The Surrealism Website
Conroy Maddox (1912-2005)




Clearly the major character in British surrealism was Conroy Maddox. In the early 1930's Maddox had discovered surrealism and in 1935, together with John Melville, he set up the Birmingham group of surrealist artists. They were not happy with the London based International Surrealist Exhibition in 1936 and did not take part. This group continued to work independently of the London based surrealists until the mid 1950s.
An early surrealist piece is his The Lesson of 1938.
He was also drawn to abstract forms as exemplified by his painting of 1939 Rendezvous and he often liked to create collages. One of his best known such collages from this period is The Strange country of 1940. In the mid 1940s he produced a number of significant figurative surrealist paintings. The Stillness of the Day with its de Chirico style interior and the rather wonderful device of depicting a trompe d'oeil, but out of scale, fly at the bottom left. Morning encounter shows a young girl puzzling over some strange devices and objects, appearing like some factory or other such installation of machinery. These two pieces created during the Second World War seem entirely detached from external events but Rue de Seine subtitled The house of George Hugnet appears to reference the war. Hugnet was a surrealist painter and maker of collages in Paris who during the war became an active member of the French Resistance. We see through the windows of the house various tableaux that could suggest the disruption of a search of the artist's house by the authorities.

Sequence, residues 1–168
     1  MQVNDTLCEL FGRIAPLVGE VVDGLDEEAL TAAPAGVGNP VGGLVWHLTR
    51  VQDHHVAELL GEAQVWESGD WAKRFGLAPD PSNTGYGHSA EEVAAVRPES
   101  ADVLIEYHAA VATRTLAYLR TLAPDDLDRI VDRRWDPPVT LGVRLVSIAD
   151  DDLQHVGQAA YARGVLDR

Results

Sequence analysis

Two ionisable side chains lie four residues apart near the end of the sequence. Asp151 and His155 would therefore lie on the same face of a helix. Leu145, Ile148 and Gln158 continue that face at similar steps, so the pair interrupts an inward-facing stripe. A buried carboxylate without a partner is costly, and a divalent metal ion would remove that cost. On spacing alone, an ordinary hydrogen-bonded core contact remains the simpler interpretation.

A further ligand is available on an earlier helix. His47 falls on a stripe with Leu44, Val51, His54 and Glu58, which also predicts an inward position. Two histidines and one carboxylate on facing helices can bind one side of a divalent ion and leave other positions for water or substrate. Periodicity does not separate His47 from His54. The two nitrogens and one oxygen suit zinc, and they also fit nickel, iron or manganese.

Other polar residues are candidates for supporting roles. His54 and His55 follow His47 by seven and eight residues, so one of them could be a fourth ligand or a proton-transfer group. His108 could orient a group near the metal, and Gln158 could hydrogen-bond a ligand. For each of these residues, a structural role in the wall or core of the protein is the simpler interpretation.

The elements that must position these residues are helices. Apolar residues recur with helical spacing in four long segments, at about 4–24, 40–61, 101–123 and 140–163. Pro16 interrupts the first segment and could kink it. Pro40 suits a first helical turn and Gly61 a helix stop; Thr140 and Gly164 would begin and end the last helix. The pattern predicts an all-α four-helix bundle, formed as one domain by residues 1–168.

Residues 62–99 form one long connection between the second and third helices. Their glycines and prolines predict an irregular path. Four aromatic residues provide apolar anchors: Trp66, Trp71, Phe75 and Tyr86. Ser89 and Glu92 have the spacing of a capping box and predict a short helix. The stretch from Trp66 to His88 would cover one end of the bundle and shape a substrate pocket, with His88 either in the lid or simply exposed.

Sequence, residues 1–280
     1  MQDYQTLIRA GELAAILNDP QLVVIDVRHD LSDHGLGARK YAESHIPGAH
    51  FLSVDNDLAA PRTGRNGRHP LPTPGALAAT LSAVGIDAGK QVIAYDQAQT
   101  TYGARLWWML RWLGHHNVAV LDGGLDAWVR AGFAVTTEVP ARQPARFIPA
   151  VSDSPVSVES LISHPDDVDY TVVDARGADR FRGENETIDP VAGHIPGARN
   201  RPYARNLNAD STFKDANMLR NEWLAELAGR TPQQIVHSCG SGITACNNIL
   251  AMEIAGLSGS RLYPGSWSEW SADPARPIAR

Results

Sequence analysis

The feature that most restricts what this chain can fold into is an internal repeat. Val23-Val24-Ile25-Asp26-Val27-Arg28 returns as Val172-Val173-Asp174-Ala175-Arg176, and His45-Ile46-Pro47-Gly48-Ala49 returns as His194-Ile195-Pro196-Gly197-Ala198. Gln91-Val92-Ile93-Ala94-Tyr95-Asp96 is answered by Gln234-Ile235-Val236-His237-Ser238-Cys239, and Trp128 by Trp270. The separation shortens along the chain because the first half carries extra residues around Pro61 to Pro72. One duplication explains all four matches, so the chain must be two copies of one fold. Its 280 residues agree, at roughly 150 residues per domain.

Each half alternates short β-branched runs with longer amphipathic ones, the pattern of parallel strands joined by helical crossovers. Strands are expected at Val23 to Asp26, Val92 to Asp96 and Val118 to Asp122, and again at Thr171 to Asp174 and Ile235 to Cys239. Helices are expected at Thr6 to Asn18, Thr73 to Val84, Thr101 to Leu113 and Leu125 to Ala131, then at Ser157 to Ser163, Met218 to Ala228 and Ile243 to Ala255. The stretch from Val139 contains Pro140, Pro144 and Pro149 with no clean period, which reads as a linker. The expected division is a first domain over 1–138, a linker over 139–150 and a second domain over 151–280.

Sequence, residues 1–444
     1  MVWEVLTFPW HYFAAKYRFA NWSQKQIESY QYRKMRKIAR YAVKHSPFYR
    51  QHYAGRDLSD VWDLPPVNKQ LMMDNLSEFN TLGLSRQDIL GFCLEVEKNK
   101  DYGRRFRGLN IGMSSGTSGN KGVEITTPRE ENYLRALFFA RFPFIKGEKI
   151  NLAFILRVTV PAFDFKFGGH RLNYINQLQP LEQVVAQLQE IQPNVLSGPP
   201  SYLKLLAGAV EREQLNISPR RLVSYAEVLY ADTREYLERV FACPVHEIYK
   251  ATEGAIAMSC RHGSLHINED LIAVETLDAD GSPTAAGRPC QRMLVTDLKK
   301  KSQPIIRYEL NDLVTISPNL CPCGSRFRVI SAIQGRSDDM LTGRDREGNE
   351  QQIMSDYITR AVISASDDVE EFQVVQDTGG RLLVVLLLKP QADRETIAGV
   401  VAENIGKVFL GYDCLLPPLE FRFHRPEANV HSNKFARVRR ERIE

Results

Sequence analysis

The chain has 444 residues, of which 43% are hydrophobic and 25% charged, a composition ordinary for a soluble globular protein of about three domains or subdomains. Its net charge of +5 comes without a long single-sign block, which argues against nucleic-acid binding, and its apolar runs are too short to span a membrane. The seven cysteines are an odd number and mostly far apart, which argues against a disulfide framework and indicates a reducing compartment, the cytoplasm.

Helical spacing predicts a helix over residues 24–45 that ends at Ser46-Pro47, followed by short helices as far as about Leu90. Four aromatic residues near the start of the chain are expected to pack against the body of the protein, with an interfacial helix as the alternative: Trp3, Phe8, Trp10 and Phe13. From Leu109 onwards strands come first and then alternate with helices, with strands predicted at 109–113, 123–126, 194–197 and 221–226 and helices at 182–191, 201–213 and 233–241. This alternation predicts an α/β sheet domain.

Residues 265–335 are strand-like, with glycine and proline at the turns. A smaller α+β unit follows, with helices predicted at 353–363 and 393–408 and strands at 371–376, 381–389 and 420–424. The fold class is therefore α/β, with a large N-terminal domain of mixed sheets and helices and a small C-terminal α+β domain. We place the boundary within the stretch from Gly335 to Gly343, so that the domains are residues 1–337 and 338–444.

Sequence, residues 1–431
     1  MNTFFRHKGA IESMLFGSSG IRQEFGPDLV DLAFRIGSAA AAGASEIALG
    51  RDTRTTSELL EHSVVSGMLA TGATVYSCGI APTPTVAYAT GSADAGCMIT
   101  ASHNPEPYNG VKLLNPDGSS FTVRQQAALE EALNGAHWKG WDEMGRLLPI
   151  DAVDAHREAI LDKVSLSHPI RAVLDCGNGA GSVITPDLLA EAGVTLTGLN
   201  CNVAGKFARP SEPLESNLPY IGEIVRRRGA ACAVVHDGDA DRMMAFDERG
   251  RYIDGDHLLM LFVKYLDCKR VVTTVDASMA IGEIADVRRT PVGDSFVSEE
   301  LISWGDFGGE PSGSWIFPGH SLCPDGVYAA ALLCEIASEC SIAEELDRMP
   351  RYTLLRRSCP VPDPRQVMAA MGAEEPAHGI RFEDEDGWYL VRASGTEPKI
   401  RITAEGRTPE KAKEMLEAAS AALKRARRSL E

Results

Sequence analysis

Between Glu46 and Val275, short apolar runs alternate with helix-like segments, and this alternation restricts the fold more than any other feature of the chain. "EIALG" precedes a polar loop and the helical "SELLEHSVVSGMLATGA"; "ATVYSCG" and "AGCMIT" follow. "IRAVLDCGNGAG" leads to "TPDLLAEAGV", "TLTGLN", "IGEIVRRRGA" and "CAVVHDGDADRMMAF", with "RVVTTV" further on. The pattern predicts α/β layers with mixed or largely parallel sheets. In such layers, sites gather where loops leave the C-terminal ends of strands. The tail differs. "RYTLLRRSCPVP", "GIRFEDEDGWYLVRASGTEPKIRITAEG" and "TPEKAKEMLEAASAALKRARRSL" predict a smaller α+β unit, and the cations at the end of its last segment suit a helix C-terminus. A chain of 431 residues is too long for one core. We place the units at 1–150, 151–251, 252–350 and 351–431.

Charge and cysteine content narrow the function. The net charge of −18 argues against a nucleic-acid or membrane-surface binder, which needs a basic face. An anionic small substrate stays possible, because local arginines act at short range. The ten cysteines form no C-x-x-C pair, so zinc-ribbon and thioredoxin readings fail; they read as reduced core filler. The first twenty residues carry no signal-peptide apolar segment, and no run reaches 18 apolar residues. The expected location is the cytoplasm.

The 1950s and 60s saw Maddox's Illusionist and reclining figure which demonstrates his other more abstract style of working. His 1970 painting Passage de l'Opera incorporates the bowler hatted men which Rene Magritte loved to use as elements in his work. This painting was apparently inspired by a novel by the Surrealist writer Louis Aragon. Maddox later wrote, "Aragon points out that his wanderings around the Passage de l'Opéra were without purpose, yet he waited for something to happen, something strange or abnormal, so as to permit him a glimpse of a new order of things." We see here the bowler hatted men which by then were a key element of Rene Magritte's work. The Passage de l'Opéra was also a notorious pick up point for Parisian prostitutes.
Maddox enjoyed using the device of an interior with a distant view across a deserted plain in which some strange possibility seems to be presented to the figure in the foreground. Thus the Sanctuary shows an older man in his strange house complete with steam engine but with a half clothed woman looking in from the outside. The Astronomer has a Jodrell Bank style radio telescope in the plane opening behind his house. While the Late Sleeper seems to be about to be awakened by the intrusion of a steam engine into the background space.
Maddox continued working for over sixty years until he died in 2005. He kept faithful to surrealism, while many other artists merely used the style for a few years before moving on.